Sure you could also just run a power cable from the tow vehicle house batteries to the trailer to run all trailer loads. That would require cutting off the trailer batteries.
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Old 07-11-2021, 03:32 PM   #10
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I agree Huck, but still goes back to the details.

1. how much dc and ac power do you want to be able to use in the trailer?
2. same question for the van
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Old 07-11-2021, 03:38 PM   #11
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Other problem with just plugging the trailer into the inverter is the point that I think Gordon made. The inverter even assuming its capacity is large enough is only 80-90% efficient. Better to run 12 vdc using thick copper wires and andersen connectors.
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Old 07-11-2021, 03:38 PM   #12
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Could I plug the trailer's power cable that is used to plug into shore power into my inverter?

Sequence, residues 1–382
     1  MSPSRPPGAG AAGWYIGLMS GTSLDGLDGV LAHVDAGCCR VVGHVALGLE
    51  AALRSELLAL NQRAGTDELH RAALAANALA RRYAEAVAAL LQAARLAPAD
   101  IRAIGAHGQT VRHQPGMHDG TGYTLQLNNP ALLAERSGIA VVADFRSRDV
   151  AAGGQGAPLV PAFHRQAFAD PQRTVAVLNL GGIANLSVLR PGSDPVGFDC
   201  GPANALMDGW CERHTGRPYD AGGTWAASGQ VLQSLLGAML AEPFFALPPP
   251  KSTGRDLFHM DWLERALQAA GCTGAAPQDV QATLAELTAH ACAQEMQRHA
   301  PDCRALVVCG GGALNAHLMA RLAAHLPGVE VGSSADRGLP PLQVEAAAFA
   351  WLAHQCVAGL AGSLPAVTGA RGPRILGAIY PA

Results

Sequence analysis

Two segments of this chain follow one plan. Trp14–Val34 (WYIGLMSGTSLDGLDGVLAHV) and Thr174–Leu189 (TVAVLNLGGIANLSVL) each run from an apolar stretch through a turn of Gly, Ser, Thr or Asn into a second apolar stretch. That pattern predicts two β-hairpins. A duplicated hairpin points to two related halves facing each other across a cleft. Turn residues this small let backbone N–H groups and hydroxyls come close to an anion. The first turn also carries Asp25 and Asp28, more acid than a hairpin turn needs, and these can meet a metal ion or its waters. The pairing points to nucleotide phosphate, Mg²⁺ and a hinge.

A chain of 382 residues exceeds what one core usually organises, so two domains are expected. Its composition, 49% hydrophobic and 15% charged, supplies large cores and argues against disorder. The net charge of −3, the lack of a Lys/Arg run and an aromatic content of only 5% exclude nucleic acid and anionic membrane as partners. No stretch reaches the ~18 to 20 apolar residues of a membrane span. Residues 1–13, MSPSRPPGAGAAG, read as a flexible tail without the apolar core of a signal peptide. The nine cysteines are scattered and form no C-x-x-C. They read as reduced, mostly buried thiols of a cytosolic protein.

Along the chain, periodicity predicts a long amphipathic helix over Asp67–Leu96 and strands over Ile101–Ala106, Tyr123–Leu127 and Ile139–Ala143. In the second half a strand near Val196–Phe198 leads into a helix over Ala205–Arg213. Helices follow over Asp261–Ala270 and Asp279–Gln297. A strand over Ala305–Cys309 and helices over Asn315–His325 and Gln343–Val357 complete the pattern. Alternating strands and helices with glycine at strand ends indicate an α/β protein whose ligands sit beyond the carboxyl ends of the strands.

Yes. Unless you're trying to run the trailer's air conditioner or a microwave oven, no problem. I successfully run my fridge on 110AC from the car's inverter while traveling all the time.
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Old 07-11-2021, 03:45 PM   #13
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Certainly agree with what Lynn is saying. Fine to run the fridge off the inverter, not the AC or microwave. Other 110 vac items that would likely be a problem: hair dryer, toaster, coffee pot ... You would have to consider what your inverter is designed to handle.
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Old 07-11-2021, 03:46 PM   #14